In a recent abstract from a conference program, published in the Journal of Investigative Medicine (vol. 61, no.2, Feb. 2013), a new case of CLIPPERS in the USA is described. This case is slightly more "classic" CLIPPERS than some of the more recent reported cases. Essentially a 52 year old woman suffered from left-sided weakness and gait ataxis which progressed to diplopia, disarthria and right-sided facial numbness. The doctors were initially stuck between possible diagnoses of CNS lymphoma, neurosarcoidosis and inflammatory disease (including CLIPPERS). These were also considered for me along the way and are all difficult to diagnose. This patient had a good response to treatment with corticosteroids and Azathioprine, although the authors noted that other non-CLIPPERS pathology also seemed to be present.
The authors suggest that patients with CLIPPERS-like signs can be treated for CLIPPERS without brain-biopsy. This point still seems controversial - there are a growing number of patients (including me) who have been treated without brain-biopsy to confirm the "Lymphocytic Inflammation" part of CLIPPERS. However, even with successful treatment, there remains diagnostic uncertainty without physical examination of brain tissue. Currently the diagnostic and treatment decisions have to be made carefully on a case by case basis.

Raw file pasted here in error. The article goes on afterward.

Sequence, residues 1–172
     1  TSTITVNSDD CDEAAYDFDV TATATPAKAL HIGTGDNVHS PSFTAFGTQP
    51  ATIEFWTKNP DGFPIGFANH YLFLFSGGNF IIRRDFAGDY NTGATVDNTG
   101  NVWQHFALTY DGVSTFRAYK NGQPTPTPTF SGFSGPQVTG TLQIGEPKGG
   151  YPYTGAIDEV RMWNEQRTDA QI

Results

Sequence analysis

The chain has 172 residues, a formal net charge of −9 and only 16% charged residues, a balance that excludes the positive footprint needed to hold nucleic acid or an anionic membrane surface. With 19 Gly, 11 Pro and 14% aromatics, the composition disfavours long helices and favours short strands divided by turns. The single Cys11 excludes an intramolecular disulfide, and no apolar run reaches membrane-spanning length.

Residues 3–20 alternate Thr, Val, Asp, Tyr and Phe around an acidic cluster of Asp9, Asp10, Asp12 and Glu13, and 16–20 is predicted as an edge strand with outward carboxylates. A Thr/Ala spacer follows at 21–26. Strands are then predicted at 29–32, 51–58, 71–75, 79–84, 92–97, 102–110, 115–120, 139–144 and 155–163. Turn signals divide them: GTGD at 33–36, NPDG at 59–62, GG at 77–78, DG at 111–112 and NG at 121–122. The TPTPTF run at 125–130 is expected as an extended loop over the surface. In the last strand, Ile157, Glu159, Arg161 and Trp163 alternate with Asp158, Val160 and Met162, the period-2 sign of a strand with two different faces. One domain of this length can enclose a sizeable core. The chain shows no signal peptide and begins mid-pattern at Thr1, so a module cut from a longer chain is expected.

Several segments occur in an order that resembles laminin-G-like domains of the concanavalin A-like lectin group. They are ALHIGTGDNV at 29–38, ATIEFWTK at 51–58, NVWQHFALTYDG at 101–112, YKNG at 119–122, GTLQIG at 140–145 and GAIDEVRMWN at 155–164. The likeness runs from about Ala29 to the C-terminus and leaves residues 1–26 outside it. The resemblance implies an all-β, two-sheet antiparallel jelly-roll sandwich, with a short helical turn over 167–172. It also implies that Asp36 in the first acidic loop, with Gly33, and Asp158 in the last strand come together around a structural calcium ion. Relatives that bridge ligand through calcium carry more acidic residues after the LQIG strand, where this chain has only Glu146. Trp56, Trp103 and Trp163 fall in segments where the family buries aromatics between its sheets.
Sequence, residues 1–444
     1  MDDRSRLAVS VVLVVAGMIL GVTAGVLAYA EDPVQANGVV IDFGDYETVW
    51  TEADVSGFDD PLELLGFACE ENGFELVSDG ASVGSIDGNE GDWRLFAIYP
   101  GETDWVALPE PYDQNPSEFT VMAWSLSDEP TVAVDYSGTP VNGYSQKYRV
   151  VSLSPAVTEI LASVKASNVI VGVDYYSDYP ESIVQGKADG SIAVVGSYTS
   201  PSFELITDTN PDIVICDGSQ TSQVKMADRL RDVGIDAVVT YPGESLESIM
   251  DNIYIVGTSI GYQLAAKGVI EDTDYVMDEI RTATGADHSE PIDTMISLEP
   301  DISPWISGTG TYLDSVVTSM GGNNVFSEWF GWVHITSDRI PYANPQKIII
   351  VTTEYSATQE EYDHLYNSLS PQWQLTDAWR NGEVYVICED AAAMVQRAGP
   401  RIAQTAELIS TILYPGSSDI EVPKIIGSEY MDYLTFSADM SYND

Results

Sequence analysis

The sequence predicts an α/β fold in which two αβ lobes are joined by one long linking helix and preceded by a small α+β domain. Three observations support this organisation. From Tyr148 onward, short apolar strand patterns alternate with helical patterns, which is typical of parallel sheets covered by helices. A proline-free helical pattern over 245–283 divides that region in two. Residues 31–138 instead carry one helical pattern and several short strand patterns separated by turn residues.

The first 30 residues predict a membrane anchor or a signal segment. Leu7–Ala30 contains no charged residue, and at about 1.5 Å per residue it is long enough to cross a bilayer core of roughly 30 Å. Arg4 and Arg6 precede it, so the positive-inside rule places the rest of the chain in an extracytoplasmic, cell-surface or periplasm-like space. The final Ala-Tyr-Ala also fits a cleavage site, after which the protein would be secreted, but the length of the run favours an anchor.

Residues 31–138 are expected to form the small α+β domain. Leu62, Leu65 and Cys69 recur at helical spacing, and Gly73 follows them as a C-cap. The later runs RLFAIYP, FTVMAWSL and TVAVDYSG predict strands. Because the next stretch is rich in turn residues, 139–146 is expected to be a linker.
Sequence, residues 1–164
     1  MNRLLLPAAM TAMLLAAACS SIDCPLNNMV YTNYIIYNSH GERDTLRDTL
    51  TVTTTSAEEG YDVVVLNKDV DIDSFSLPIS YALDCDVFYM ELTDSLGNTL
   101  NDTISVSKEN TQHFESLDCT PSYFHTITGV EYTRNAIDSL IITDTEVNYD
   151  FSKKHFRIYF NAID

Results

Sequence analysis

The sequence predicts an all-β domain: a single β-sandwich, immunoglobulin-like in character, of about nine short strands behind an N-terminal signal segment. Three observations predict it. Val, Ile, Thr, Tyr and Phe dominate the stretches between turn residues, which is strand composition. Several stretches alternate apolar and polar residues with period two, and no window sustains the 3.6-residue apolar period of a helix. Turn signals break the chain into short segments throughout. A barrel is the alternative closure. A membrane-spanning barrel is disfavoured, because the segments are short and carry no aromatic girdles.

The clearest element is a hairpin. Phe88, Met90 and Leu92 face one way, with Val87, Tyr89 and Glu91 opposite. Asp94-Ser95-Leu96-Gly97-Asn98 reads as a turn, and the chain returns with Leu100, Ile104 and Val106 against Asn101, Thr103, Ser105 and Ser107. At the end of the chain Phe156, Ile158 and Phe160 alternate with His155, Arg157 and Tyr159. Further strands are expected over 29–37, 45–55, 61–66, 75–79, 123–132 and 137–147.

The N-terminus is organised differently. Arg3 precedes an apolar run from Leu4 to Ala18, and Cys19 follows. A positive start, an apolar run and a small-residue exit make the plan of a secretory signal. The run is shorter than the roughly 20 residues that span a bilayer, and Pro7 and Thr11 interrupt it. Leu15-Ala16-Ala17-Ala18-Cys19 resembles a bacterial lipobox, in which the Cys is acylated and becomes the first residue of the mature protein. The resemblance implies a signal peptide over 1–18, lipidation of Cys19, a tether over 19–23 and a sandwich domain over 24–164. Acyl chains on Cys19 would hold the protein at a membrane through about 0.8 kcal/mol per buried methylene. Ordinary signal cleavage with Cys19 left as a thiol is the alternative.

Read other articles in this series at Living With CLIPPERS.
Living With CLIPPERS by Bill Crum is licensed under a Creative Commons Attribution-NonCommercial-NoDerivs 3.0 Unported License.